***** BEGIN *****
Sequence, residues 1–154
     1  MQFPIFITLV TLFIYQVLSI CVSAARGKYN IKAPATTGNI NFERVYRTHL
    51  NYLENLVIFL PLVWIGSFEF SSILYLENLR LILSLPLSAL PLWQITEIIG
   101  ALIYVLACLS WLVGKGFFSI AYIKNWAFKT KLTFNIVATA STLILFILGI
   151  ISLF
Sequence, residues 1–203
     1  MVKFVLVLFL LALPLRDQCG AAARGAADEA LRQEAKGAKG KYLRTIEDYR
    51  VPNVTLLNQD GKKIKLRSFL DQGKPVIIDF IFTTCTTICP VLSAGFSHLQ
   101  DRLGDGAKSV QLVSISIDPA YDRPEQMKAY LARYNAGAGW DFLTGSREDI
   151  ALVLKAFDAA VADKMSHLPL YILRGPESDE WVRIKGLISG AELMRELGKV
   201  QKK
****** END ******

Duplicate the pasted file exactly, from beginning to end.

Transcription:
Sequence, residues 1–154
     1  MQFPIFITLV TLFIYQVLSI CVSAARGKYN IKAPATTGNI NFERVYRTHL
    51  NYLENLVIFL PLVWIGSFEF SSILYLENLR LILSLPLSAL PLWQITEIIG
   101  ALIYVLACLS WLVGKGFFSI AYIKNWAFKT KLTFNIVATA STLILFILGI
   151  ISLF
Sequence, residues 1–203
     1  MVKFVLVLFL LALPLRDQCG AAARGAADEA LRQEAKGAKG KYLRTIEDYR
    51  VPNVTLLNQD GKKIKLRSFL DQGKPVIIDF IFTTCTTICP VLSAGFSHLQ
   101  DRLGDGAKSV QLVSISIDPA YDRPEQMKAY LARYNAGAGW DFLTGSREDI
   151  ALVLKAFDAA VADKMSHLPL YILRGPESDE WVRIKGLISG AELMRELGKV
   201  QKK